The Euthyphro Dilemma

This paper will explain the Euthyphro Dilemma basing the argument on where Plato’s stand is in the history of philosophy and then explain the argument based on Euthyphro Dilemma.

Plato was a Greek philosopher who was Socrates’ student and was a writer of many philosophical dialogues with Socrates including Euthyphro Dilemma. The dilemma had a major philosophical effect on faith of religions in the form, “Is what is morally good commanded by God because it is morally good, or is it morally good because it is commanded by God?". The philosopher’s stand is that God is identical to the definitive measure of goodness.

Euthyphro first comes to the fore, when he is met by Socrates around the court of Athens. Euthyphro was at the court to prosecute his own father, who had killed, albeit accidently, a murderer. Socrates had summoned to the court for committing impiety as charged by Meletus. Socrates is shocked by Euthyphro’s actions. From the outset, it comes out that Euthyphro was such a religious man and a great defender of the religious doctrines. He boasts to Socrates that he knows everything about the holiness. Therefore, Socrates feels that he can be taught by his counterpart about the aspects touching the holiness, so that he can defend himself in the court (SparkNotes Editors).

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Holiness, according to Euthyphro, is persecuting those, who go against the religious doctrines; a description that is very unsatisfactory to Socrates. Socrates thinks that there exist holy actions, which are not necessarily geared towards persecuting the religious rebels. Thus, he urges Euthyphro to expound on what holiness is. Euthyphro next says that a holy deed is one that is acceptable to the gods. However, Socrates still finds this unsatisfactory. This is because sometimes the gods quarrel amongst each other. Therefore, while one god may find a deed agreeable, it may be unacceptable to the other gods (SparkNotes Editors).

Euthyphro retreats to the definition that a holy deed is one that is acceptable to all the gods. Socrates still finds this unsatisfactory. He argues that a holy deed is acceptable to the gods because the deed is indeed holy. Hence, the deed will determine the approval by the gods. He goes on to say that what is accepted by the gods will determine what is agreeable to the gods. Euthyphro’s next suggestion is that holiness is the arm of justice, charged with taking care of the gods. This definition again fails to satisfy Socrates as the gods do not require any kind of help, especially from humans (SparkNotes Editors).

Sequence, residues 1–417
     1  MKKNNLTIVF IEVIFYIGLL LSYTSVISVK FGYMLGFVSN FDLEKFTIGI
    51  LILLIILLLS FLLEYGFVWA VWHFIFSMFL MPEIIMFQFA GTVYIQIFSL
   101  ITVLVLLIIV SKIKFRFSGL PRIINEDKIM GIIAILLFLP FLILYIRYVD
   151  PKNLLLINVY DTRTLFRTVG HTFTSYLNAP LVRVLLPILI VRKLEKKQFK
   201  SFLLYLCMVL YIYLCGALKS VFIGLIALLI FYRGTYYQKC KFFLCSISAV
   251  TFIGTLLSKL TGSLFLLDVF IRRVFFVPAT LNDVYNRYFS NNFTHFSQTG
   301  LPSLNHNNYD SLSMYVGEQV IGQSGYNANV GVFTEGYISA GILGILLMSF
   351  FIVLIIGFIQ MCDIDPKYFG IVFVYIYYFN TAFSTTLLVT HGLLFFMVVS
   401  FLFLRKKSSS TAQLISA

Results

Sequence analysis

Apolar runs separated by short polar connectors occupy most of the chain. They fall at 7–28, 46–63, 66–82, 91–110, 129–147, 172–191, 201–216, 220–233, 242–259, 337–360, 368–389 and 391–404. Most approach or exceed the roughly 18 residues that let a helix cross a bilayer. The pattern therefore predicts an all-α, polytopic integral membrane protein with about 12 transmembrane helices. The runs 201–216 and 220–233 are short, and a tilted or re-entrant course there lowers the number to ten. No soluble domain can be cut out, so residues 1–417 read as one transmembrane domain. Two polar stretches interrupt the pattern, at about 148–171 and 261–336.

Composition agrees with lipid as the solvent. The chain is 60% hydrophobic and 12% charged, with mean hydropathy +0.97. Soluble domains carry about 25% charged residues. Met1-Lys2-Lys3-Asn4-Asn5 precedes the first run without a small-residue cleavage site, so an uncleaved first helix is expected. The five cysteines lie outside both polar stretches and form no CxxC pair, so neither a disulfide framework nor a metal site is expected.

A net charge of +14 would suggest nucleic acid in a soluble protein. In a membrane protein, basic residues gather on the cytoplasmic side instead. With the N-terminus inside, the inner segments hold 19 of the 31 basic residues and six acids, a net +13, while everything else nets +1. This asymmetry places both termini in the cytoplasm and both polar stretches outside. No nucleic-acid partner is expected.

On his last attempt, Euthyphro suggests that holiness is like a form of trade. In this case, the humans offer sacrifices as gods in turn grant the humans their wishes. He argues that the gods actually do not need the sacrifices; rather, the sacrifices gratify them. This last definition again fails to satisfy Socrates. He links his argument to the previous suggestion that what is holy is what is agreeable to the gods. Euthyphro is cornered again; he decides to leave (SparkNotes Editors).

From the conversation, we at first have the feeling that Euthyphro must have been a holy man. How many can go ahead and prosecute their own fathers? However, once Euthyphro is confronted by Socrates, we come to realize that he even doesn’t know what holiness is. From The Euthyphro, it comes out clear that ancient Greeks probably were bent in pleasing the gods and their leaders at the expense of their own beliefs. From the conversation, there arises a great debate that has spanned generations: The Euthyphro Dilemma.

The Euthyphro Dilemma

The Euthyphro dilemma has been translated many times to reflect the religious beliefs of the eras. This paper will use the definition that reflects today’s religious beliefs: Are holy deeds willed by God because they are good, or are the deeds good because they are willed by God? (Slick)  This does not differ much with the original dilemma: "Is the pious loved by the gods because it is pious, or is it pious because it is loved by the gods?" (SparkNotes Editors). The Greeks at the time worshipped many gods.

The Euthyphro dilemma brings forth a debate that has lasted for a long time. One has to choose a side, although each side has its own shortcomings. This paper looks at both options and then will give its stand.

The First Option

This horn can be loosely translated to imply that moral acts are acceptable to God because they are moral. This view suggests that there are actions that may be right or wrong on their own. In this case, these actions are totally independent of God’s commandments. Euthyphro and Socrates settled on this view. However, the suggestion that indeed there exist good deeds that are independent of God’s commandments, questions the sovereignty of God. This horn implies that God is also bound by these rules of holiness and morality rather than being the one, who established them. Additionally, it suggests that God is so good that he can accept a moral standard established by someone else (Debating Christianity).